The Unlikely Team of Prosecutors Hunting Trump in Georgia
The public integrity unit at the Fulton County District Attorney’s office once had a miserable reputation. Now, a new crew there is investigating the biggest target of them all.
A sheriff’s deputy who went to law school but remained a cop for another two decades. A prosecutor best known for tackling juvenile offenders. And the guy who literally wrote the book on racketeering cases against mafia goons.
This is the team Fulton County District Attorney Fani Willis is assembling to investigate Donald Trump—to go after his advisers and their attempts to manipulate election results in Georgia.
In interviews with Willis, her staff, five former members of the team, and several people who interacted with them, The Daily Beast has learned there are now two grand juries underway in Fulton County, and jurors in these secret proceedings will soon be asked to issue subpoenas demanding documents and recordings related to the Trump investigation.
“I suspect that's in the very near future,” Willis told The Daily Beast.
It’s practically unheard of for a regional prosecutor to target a former U.S. president. But this is Donald Trump. Manhattan’s district attorney and New York State’s attorney general have active investigations. And so does the DA of Fulton County, Georgia. The case in Georgia may be the strongest; there’s a trove of evidence—documents, phone calls, witnesses—that Trump personally interfered with and pressured elections officials in Atlanta as they recounted votes.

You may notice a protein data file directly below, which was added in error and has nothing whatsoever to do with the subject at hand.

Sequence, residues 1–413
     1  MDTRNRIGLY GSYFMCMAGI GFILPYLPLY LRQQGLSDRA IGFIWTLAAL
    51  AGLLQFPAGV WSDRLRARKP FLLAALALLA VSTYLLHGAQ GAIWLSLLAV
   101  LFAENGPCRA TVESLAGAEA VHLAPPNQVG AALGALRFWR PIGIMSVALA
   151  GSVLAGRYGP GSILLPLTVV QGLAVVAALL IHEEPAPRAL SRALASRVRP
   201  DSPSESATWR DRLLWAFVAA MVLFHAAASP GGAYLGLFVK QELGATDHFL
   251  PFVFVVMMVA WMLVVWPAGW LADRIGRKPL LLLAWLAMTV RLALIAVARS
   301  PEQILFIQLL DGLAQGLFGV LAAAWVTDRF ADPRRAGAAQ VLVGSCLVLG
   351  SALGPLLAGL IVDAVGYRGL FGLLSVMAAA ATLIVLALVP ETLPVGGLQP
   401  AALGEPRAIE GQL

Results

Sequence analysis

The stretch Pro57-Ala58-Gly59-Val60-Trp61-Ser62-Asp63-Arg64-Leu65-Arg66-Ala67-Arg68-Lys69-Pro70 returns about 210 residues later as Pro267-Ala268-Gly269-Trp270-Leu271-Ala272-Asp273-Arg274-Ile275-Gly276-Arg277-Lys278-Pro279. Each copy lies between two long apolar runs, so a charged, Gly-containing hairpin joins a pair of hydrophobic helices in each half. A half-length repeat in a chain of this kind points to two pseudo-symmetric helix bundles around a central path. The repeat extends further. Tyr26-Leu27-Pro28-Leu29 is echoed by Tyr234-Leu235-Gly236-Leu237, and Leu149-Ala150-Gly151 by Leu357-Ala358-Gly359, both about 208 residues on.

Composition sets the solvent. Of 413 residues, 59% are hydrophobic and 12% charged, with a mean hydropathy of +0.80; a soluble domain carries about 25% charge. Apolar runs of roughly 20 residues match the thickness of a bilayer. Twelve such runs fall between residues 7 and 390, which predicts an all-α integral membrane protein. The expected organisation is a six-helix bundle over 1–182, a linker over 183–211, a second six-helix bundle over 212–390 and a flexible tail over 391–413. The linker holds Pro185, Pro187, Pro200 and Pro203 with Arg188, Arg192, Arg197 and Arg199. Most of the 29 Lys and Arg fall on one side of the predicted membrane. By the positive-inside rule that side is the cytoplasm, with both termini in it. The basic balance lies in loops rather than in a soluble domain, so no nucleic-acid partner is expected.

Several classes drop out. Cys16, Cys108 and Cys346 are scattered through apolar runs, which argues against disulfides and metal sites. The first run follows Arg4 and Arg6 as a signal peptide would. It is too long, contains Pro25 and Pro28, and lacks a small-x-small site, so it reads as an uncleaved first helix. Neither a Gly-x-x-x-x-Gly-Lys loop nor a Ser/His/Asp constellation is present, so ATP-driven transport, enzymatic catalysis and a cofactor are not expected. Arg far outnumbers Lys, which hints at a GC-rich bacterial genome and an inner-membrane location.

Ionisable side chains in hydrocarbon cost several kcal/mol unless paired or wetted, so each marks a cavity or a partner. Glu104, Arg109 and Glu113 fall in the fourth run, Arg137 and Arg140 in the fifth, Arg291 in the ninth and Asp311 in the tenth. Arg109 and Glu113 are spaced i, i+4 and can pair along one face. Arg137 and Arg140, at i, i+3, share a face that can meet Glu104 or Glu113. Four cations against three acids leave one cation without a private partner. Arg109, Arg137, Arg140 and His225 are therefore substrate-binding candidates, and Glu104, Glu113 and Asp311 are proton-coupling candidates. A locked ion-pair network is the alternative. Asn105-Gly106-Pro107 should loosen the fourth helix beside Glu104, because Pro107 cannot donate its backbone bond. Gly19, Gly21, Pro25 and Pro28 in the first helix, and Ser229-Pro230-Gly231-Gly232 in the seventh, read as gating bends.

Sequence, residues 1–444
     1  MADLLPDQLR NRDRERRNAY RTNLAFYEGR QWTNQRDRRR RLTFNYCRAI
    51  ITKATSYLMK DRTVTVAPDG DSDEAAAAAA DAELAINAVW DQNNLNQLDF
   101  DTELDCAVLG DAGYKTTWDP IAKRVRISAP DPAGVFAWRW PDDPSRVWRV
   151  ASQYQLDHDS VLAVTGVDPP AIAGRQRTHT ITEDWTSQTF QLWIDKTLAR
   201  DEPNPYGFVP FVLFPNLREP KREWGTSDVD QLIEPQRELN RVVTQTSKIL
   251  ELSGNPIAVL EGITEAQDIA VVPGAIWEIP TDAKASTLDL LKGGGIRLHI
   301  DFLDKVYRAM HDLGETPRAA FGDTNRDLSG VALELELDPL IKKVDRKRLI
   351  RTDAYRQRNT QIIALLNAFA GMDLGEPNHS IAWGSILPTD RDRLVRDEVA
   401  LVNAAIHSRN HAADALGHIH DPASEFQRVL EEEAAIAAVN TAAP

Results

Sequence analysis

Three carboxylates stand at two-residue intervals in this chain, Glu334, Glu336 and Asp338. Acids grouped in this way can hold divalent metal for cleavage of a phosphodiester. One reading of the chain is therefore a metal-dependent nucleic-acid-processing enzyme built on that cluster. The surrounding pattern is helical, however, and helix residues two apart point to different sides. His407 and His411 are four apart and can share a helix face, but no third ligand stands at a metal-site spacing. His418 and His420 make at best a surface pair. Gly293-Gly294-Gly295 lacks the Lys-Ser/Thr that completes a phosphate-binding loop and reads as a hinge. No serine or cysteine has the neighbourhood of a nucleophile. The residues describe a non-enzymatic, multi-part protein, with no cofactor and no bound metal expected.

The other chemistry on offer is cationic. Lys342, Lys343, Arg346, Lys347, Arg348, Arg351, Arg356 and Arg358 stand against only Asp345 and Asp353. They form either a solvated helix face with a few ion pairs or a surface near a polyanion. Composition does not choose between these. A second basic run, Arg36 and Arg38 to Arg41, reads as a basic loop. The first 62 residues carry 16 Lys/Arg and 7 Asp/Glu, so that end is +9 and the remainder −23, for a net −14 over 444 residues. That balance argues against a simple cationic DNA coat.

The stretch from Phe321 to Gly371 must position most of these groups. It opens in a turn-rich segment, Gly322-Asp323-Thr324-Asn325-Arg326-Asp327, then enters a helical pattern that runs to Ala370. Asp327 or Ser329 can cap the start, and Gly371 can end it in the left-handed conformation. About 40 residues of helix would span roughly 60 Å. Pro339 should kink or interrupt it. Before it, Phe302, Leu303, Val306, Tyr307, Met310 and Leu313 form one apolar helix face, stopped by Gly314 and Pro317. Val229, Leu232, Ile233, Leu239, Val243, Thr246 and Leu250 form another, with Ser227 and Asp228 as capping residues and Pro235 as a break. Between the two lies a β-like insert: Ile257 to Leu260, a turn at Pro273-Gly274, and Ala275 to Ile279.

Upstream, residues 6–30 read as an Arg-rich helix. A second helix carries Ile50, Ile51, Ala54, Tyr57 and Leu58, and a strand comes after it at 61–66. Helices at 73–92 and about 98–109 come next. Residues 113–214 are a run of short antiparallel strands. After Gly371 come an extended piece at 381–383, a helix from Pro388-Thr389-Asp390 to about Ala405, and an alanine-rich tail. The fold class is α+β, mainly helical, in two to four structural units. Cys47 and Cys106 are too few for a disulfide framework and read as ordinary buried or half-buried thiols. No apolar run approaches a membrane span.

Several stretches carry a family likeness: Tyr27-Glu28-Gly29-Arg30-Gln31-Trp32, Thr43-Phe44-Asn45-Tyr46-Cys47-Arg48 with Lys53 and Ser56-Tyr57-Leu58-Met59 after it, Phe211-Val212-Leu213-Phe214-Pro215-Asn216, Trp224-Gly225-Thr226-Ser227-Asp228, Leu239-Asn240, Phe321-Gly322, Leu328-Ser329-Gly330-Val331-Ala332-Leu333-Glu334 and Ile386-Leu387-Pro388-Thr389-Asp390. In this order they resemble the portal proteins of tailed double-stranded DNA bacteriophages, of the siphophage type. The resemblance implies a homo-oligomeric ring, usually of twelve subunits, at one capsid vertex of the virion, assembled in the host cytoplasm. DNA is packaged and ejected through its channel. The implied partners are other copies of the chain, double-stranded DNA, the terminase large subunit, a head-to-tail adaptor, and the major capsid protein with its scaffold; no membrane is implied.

Trump’s now infamous Jan. 2 call, in which he pressured Georgia Secretary of State Brad Raffensperger to “find 11,780 votes,” became public on Willis’s first day in office.
Three cases were referred to her office from the Office of the Secretary of State, she said. The monumental task of conducting this investigation has fallen on the DA’s new anti-corruption team, once known as the “public integrity unit.” It’s a small team that traditionally investigates police misconduct and corrupt local government officials. Willis decided to scrap and rebrand the team because of its troubled history, one that has repeatedly drawn rebuke in Atlanta. Over the decades, the team has proved incapable of handling its regular caseload, derailing careers by leaving accused cops stuck at desk assignments—and forcing impatient families to wait years for basic answers.
With Trump, they’re now faced with the highest of high-profile potential defendants—one with enormous political backing and a legion of followers from whom he can instantly raise millions of dollars for his defense.